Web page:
Astronomy Picture of the Day

Discover the cosmos! Each day a different image or photograph of our fascinating universe is featured, along with a brief explanation written by a professional astronomer.

2006 May 8
See Explanation. Go online for the highest resolution available.

Descent Panorama of Saturn's Titan
Credit: ESA, NASA, Descent Imager/Spectral Radiometer Team (LPL)

Explanation: You're the first spacecraft ever to descend to Titan -- what do you see? Immediately after the Huygen's probe pierced the cloud deck of Saturn's moon Titan last January, it took a unique series of pictures of one of the Solar System's most mysterious moon's. Those pictures have recently been digitally stitched together to create spectacular panoramas and a dramatic descent movie. Pictured above is a panoramic fisheye view Huygen's obtained from about five kilometers above Titan's surface. The digital projection makes the local surface, mostly flat, appear as a ball, but allows one to see in all directions. Huygen's eventual landing site was in the large dark area below, just right of the center. This relatively featureless, dark, sandy basin appears to be surrounded by light colored hills to the right and a landscape fractured by streambeds and canyons above. Recent evidence indicates that Titan's lakebeds and streambeds are usually dry but sometimes filled with a flashflood of liquid methane from rare torrents of methane rain.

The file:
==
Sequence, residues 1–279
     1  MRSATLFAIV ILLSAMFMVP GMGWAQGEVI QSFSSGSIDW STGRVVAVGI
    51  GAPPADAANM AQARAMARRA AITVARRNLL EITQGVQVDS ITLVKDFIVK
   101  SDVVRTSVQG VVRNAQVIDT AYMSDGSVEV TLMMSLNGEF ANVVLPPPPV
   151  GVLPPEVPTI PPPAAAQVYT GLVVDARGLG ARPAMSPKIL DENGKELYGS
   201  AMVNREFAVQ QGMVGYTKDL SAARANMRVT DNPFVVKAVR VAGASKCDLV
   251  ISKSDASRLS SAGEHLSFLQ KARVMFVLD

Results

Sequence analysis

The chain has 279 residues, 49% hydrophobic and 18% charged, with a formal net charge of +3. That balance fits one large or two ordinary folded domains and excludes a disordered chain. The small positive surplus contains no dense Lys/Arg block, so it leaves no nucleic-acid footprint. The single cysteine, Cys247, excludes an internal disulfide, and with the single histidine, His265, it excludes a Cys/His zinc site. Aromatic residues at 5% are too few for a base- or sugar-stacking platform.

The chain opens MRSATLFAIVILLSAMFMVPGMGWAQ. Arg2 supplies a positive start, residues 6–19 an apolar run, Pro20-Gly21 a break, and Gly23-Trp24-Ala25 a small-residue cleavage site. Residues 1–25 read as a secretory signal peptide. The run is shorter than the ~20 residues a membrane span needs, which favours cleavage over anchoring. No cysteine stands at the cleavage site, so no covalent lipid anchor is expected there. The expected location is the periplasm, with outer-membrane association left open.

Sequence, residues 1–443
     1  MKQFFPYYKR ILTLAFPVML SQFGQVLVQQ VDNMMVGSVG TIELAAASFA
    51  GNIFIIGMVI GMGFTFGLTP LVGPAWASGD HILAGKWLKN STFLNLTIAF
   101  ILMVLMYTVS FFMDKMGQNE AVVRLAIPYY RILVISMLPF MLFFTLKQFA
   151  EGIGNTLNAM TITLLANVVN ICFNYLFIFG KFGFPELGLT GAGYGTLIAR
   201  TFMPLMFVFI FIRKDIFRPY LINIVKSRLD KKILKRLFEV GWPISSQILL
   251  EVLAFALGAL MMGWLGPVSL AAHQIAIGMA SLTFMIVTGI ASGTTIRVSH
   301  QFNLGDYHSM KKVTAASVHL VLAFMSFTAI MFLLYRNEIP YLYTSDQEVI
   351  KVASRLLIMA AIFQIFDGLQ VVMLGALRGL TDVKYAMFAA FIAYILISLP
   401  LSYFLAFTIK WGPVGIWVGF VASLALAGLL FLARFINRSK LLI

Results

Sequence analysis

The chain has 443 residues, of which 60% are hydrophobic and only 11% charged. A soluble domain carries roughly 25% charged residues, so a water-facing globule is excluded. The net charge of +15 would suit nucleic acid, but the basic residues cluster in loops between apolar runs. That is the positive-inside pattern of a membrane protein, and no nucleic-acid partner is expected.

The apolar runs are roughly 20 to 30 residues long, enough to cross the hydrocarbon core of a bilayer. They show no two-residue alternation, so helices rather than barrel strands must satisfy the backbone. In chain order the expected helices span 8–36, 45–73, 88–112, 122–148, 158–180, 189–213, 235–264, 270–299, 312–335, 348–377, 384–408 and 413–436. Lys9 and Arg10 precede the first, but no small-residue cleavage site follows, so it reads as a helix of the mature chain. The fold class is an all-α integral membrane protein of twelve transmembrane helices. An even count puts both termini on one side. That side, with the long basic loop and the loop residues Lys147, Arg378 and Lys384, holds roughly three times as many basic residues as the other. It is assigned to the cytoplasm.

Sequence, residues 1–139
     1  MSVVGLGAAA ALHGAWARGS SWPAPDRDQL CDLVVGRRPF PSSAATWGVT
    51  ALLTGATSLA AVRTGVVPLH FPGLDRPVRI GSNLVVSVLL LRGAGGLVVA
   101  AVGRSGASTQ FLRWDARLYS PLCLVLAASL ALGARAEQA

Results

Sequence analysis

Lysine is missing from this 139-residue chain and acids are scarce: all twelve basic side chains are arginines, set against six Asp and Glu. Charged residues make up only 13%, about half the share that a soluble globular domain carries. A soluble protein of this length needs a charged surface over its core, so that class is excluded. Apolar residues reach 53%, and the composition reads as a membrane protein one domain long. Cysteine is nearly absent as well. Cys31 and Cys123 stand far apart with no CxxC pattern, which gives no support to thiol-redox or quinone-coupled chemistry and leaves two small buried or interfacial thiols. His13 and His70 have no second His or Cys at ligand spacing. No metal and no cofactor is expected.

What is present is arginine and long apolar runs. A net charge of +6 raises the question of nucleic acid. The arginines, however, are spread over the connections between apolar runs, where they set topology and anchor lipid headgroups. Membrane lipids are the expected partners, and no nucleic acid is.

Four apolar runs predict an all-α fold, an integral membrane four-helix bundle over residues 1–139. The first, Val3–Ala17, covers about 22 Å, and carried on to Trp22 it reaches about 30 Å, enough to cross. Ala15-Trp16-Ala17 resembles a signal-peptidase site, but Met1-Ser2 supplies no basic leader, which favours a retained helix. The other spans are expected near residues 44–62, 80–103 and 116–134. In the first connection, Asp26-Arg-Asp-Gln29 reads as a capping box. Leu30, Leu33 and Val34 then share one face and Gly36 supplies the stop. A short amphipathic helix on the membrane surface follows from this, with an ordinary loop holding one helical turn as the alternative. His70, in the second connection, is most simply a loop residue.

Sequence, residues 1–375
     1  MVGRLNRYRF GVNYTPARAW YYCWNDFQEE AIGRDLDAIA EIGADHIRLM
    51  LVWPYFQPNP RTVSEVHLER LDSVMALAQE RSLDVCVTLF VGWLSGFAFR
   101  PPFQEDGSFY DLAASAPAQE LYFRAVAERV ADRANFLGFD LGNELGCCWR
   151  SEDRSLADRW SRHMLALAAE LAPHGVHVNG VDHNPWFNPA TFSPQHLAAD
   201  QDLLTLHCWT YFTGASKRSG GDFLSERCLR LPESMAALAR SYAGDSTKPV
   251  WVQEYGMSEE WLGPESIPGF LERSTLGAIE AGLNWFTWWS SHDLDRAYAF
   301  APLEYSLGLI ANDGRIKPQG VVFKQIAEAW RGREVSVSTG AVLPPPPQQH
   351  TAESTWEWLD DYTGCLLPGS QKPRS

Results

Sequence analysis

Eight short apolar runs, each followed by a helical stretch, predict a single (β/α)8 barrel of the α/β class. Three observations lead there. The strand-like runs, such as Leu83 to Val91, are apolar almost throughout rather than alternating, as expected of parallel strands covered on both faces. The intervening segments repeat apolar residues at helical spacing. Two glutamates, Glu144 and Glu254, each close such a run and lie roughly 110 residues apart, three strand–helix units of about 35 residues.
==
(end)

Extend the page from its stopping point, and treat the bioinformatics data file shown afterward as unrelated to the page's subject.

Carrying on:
View this page (with external links) online at
http://apod.gsfc.nasa.gov/apod/ap060508.html.


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Authors & editors: Robert Nemiroff (MTU) & Jerry Bonnell (USRA)
NASA Official: Phillip Newman. Specific rights apply.
A service of: ASD at NASA/GSFC
& Michigan Tech. U.

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